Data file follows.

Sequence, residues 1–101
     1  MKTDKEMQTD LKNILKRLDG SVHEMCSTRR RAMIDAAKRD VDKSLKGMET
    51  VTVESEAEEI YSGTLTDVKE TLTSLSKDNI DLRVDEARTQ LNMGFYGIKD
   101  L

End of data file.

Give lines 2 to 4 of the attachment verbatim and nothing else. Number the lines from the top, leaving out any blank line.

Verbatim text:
     1  MKTDKEMQTD LKNILKRLDG SVHEMCSTRR RAMIDAAKRD VDKSLKGMET
    51  VTVESEAEEI YSGTLTDVKE TLTSLSKDNI DLRVDEARTQ LNMGFYGIKD
   101  L